American Energy and Manufacturing Competitiveness Summit Introduction

If as a country we focused on energy we’d be amazed as to how many other problems suddenly start getting a lot better.  The reason it’s so important to invest in clean energy manufacturing now is that there is this global race for clean energy advantage.
We can be the leader in making these more efficient and renewable systems. That could be one of our greatest export products in the future. Robert Atkinson: The U.S. offers a number of different advantages for manufacturing. One is the largest market in the world. Second we have relatively low cost today. We have lower energy costs. Our labor costs for manufacturing are lower than many other countries like Germany and Japan. And third we have a good technology infrastructure. We can put all of those things together to provide a very strong and attractive package for manufacturers who want to invest in this country. For the last 20 years there’s been a view in the U.S. that all we need to do is innovate. We don’t need to worry about making, and now that view has been challenged, correctly so, where we have to make and innovate.
We tie together three processes: design, innovation, and manufacturing. And as we think of those as one integrated
process we are much more powerful.
About 70 percent of all the research and developing in the world is spent around manufacturing intensive businesses
and companies like Siemens another big global manufacturers like to co-locate R&D with manufacturing close to their customers. That’s because it really drives the innovation process much faster. The U.S. still has the best research and development universities and national laboratories in the world. So for most of these areas of advanced manufacturing the U.S. is going to be a place to develop a lot of that. There’s a lot of talk out there that we have a skills gap. We like to say there’s a training gap.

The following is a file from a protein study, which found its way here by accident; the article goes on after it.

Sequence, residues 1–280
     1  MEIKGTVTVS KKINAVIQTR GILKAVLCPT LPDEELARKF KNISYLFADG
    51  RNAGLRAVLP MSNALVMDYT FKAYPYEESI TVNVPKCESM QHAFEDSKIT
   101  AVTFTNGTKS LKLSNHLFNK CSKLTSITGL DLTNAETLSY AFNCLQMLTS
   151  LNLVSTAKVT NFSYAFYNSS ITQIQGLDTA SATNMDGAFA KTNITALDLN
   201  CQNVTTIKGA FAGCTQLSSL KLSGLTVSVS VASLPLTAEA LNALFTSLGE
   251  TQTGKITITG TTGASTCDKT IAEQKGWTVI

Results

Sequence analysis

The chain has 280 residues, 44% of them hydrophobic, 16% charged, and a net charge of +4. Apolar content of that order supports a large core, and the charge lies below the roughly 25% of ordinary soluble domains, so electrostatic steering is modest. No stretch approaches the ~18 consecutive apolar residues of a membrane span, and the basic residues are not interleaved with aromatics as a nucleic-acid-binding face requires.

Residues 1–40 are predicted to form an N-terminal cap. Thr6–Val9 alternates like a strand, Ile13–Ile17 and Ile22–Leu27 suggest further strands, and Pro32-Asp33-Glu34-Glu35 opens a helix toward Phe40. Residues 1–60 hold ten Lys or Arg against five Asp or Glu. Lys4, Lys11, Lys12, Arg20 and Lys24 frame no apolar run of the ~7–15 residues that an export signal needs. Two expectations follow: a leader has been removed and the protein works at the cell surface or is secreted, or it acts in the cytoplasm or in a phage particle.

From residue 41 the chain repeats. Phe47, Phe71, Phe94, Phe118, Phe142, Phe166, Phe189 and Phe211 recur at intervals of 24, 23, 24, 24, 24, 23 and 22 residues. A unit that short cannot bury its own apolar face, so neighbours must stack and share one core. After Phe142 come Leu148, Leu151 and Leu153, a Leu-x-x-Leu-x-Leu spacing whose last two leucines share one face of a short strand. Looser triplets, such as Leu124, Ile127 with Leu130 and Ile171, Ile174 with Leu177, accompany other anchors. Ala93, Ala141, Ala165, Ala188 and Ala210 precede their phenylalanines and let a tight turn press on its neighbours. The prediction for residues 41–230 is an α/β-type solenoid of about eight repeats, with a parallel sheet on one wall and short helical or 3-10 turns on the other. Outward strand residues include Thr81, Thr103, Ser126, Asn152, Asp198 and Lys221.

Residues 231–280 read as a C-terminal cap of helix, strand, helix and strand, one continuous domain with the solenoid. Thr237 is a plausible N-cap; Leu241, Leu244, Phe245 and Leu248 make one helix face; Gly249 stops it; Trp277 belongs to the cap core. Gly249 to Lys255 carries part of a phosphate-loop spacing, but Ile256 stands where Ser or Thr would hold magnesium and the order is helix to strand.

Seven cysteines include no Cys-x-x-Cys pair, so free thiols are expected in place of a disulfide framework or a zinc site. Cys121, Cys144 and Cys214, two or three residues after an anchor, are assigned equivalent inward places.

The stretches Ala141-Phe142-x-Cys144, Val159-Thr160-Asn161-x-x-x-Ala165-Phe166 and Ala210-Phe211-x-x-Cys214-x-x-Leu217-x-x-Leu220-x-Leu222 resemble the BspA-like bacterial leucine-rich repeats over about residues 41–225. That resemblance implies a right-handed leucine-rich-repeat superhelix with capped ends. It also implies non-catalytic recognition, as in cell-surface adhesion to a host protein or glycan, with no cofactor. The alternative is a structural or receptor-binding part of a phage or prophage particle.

You look at the leading manufacturing countries of the world, whether they’re Japan or Germany or Austria; they are all based on a strong private sector combined with a strategic public sector in public/private
partnerships.
We have strength from our research universities. The secret for industry is to partner directly with them building the personal relationships so that professor can

go over and teach a couple courses with the company. And the company  can go over and spend a half day with a professor.  So if we don’t have these kinds of public/private partnerships here in America we’re just going to get left behind. It’s very important regionally to get everybody in the room and be talking about them so people can actually take some concrete steps.

If we want to have a clean energy environment and a clean energy marketplace we want to be a world leader in those technologies, not only for the U.S. but to export out of the U.S. we have to create some demand here. It’s up to us though to take advantage of this momentum in our direction in putting the right kinds of manufacturing that can take advantage of that and create the right kinds of jobs for this country.
If you take a look at, for example, the wind market, a lot of the latest innovations and technology developments have occurred here in the U.S. And a lot of that was made possible because of the product tax credit that was put in place in the U.S. which encouraged more investment here in the U.S. as opposed to offshore. You’ve seen tremendous growth in the market. Those technologies are becoming more and more competitive with traditional energy technologies. And it’s going to drive us toward a cleaner environment.
We can win this. We can be a successful competitor in the global market. Sustainable energy is the golden thread that
is the answer to so many of the problems in the world. It’s proven. It’s good common sense. It can be done safely for the environment, for the people. And right now it is energy advantage. It’s the right time to do that.

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